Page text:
Another thing we found out after an MRI of my small bowel is that I have “significant small bowel disease,” as the GI described it. Turns out I have a seven to eight centimetre section of my small intestine that is significantly narrowed. This is starting to explain the increase in symptoms I had been having in the recent months including increased pain/discomfort, bloating/gas and weight loss.

By the time April rolled around, the severity of my disease was making itself known. I ended up going to A&E twice with symptoms similar to those I had when I had the small bowel obstructions in 2009. Luckily, I was not actually obstructed, but I didn’t really get any useful help or advice from the doctors, either.

Then in May, I took a trip home. I was starting to feel a bit rubbish the week before the trip, but I figured it was because I had a lot of things going on that week. I took my practical driving test for my UK license (which I passed with absolutely no faults), and was making preparations for the trip to America. Unfortunately, things didn’t improve when I got to the States. I felt a bit better the first day or so, but things ended up getting worse, and by the end of the first of the two-week trip, I made the decision to come back to the UK early. Not only did I decide to get home early, but before I left, I emailed my GI to let him know what was going on with me to see what advice he could offer in the interim and upon my arrival back in the UK. Too bad he was out of office until I already arrived in the UK…at least he was able to offer me some initial advice on what I could do to relieve my symptoms, and offered me an appointment to see him in clinic the following week.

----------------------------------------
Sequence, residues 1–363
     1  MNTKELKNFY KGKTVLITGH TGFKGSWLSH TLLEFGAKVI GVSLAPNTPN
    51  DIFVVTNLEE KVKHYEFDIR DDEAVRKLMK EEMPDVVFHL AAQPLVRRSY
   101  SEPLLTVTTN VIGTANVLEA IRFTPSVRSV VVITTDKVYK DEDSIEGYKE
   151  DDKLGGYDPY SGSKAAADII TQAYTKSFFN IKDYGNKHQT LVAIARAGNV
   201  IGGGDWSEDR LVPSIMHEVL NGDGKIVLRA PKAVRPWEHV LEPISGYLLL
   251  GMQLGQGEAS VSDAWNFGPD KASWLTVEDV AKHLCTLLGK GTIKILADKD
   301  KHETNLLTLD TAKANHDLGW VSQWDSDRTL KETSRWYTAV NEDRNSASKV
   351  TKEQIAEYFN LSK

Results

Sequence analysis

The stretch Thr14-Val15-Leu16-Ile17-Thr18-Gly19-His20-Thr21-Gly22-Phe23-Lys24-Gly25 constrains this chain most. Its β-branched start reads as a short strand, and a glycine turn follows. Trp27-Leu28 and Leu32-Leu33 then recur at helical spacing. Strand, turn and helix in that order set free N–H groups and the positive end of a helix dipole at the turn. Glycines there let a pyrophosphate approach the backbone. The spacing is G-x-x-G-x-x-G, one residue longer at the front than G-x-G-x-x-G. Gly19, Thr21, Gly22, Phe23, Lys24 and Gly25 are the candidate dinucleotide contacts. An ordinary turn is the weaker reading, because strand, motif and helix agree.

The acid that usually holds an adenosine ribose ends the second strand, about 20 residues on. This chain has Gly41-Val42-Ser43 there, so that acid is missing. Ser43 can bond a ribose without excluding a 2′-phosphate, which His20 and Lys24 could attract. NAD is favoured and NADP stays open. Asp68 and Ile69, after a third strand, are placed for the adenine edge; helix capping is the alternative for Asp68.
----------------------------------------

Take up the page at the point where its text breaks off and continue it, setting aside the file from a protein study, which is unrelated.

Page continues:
In the time leading up to the appointment, I had gotten progressively worse. I would have only a few nights were I was able to actually sleep through the night without getting up to be sick, and the very night before the appointment was horrible. I was so sick and dehydrated that I barely could walk to the GP earlier in the day to sort out a prescription for potassium, and then had to hire a taxi to come to the appointment at the hospital. The GI had mentioned hospital admission as a possibility in the email exchanges we had prior to the appointment, and when we chatted that day, it was easy for me to agree to come back the following day to be admitted to hospital.

The problem wasn’t just that I was feeling so poorly, but also that I had managed to lose 10kg in just two months, amounting to about 20 percent of my body weight. The plan for the hospital admission was to get a few more tests in to assess how bad the disease was getting in my intestines, determine whether I needed surgery, and also come up with a plan to get some weight on me.